Rediscovering the “Joy” in Employee Reviews

Think in threes

For many of you, it’s that time of year again: that time when you sit your employees down and tell them what you really think about them!

Yes, it’s annual review season. Some managers absolutely dread this time of year. I believe it’s because many think they only have two available pieces of feedback:

  1. "You’re doing great and I’ve got to give you a raise."
  2. "You’re terrible at your job and we need to make a change."

However, it doesn’t have to be this way. Below, I’ll share five tips that will change the way you look at employee reviews. You’ll discover how to deliver reviews 1) that are meaningful to your employees, 2) will help you achieve your goals and 3) will help your team members flourish under your leadership.

And, best of all, I think these tips will help you rediscover the joy in employee reviews.

1. Before the Review: Communicate Your Expectations

Don’t make your employees wait until their reviews to discover that they’re falling short. Make sure you open lines of communication with your staff and clearly and consistently identify your expectations for their job performance. That way, your reviews will become a continuation of an ongoing conversation, rather than the start of a difficult one.

2. Use the Time to Reinforce Your Core Values

Your company’s Core Values— three to seven characteristics or behavioral attitudes that define the culture of your organization—can help you create happy, engaged employees. But you’ll only get these benefits if you infuse everything you do with your Core Values, including your employee reviews. Use your Core Values as a framework to guide your conversation. Talk to your employee about how their performance stacks up against each one. Your Core Values will give you a common measurement for success that will also help you and your team execute your company’s overall vision.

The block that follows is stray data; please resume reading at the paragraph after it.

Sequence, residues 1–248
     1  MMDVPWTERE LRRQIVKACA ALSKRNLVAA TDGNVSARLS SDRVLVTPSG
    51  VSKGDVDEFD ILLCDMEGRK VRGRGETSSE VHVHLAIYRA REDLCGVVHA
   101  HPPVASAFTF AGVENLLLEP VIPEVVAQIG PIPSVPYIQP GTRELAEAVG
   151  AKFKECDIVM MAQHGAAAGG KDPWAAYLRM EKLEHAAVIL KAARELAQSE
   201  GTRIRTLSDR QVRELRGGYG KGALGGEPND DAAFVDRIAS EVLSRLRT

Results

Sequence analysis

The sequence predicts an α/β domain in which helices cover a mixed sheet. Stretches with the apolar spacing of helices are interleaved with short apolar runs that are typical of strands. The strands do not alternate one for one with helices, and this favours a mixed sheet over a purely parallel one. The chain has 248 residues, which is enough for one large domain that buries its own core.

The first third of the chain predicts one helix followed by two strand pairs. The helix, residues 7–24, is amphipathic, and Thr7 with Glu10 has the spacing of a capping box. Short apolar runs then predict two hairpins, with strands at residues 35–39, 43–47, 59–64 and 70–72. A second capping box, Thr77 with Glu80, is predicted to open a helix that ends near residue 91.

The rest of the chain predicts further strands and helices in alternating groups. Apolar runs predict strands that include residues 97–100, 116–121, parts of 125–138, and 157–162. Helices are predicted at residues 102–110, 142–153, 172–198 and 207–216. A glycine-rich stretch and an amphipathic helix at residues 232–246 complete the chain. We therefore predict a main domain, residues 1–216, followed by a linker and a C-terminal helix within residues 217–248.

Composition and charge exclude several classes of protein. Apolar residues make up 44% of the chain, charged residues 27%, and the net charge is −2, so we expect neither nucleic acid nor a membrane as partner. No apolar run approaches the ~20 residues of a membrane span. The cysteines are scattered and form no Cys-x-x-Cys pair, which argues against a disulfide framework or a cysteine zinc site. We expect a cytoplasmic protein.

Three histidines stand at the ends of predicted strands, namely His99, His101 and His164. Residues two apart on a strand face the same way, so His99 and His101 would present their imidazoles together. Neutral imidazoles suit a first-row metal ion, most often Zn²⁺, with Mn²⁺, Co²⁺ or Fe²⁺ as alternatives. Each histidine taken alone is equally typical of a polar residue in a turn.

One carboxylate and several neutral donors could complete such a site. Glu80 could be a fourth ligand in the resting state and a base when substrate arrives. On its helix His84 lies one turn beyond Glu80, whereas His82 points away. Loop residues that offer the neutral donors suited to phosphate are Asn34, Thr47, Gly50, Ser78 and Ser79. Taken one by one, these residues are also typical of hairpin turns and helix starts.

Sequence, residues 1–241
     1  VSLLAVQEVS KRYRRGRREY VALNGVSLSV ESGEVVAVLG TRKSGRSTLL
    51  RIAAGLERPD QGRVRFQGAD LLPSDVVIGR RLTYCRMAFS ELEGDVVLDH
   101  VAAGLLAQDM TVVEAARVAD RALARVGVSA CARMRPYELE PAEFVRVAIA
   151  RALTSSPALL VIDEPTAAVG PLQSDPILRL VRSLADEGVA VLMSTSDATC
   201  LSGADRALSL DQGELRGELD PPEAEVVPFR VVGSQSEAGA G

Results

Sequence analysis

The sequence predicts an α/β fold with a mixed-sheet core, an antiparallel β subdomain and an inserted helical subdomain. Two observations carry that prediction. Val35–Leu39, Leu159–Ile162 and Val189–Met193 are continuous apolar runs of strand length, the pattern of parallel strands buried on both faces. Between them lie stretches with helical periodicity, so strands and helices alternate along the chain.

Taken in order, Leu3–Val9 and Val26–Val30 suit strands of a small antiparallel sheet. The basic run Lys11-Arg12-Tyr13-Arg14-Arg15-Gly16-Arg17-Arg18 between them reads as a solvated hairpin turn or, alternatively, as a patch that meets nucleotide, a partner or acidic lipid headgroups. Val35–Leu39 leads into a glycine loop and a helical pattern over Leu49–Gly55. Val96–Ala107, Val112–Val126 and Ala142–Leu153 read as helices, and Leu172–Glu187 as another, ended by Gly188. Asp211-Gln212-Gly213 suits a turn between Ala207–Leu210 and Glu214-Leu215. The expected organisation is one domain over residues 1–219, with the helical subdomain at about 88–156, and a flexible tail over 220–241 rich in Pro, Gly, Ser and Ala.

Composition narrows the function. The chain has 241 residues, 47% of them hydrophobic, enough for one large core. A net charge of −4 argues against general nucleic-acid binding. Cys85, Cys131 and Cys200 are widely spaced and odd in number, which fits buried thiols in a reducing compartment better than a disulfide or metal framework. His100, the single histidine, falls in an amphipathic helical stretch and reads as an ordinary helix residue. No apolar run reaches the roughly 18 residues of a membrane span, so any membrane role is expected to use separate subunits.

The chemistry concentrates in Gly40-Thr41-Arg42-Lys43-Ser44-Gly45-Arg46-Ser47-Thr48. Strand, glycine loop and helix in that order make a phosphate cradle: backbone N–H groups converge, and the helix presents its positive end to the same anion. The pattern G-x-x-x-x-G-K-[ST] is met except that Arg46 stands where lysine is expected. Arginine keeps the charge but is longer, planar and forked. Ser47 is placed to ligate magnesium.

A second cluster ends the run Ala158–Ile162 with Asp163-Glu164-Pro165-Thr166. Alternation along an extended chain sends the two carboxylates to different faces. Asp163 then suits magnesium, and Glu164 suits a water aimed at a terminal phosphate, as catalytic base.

3. Don’t Just Review—Preview, Too

Of course, you’ll use your review to address your employee’s past performance. Just make sure you also take time to preview their future too. Talk about where they’re going. Set personalized goals together, and talk about how you can work as a team for the next period to get the buy-in you need to achieve your shared vision of success.

4. Turn the Tables

Give your team members the chance to review you. If you can’t take their honest feedback, you may need to grow a little more as a leader. However, if you are open to being vulnerable, there’s a good chance you’ll learn something new about your company, your performance and how you conduct business. After you receive this feedback, make time for introspection. Self-reflection is an incredibly powerful tool for celebrating our achievements, identifying our flaws and putting the stake in the ground for improvements.

5. Make the Review Process a Continuous One

Expectations, accountabilities and relationships change constantly. They don’t magically schedule themselves around review time. In many companies, daily communication around these topics is typically reactive, unproductive and sometimes non-existent. Don’t wait a full year to give feedback. Start with moving your annual reviews to quarterly or even monthly ones. Hold regularly scheduled conversations about how your employees are doing and what they should be focusing on. Make sure they know your door is open to have these conversations when they need them. This approach may seem like overkill—until their performance and your satisfaction of their results starts to skyrocket.

As the end of the year approaches, how do you feel about employee reviews? Any tips to share? Leave me a comment. I’d love to hear from you!

And if you want to talk further about how to implement these strategies in your organization to get more out of your business, contact me for a 90-minute Executive Alignment Session.

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